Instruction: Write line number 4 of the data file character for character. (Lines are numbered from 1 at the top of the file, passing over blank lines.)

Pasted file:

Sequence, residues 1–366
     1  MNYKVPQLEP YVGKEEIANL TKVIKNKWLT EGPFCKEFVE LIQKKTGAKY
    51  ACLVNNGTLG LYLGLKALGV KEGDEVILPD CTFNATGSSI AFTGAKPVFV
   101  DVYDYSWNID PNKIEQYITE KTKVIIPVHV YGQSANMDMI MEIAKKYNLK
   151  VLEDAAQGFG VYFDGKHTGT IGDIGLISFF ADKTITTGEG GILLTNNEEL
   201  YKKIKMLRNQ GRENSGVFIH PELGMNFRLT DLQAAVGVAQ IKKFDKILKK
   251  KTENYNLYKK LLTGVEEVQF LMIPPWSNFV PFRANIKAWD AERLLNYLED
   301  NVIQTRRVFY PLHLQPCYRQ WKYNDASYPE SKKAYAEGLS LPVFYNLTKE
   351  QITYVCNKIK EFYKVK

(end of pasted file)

   101  DVYDYSWNID PNKIEQYITE KTKVIIPVHV YGQSANMDMI MEIAKKYNLK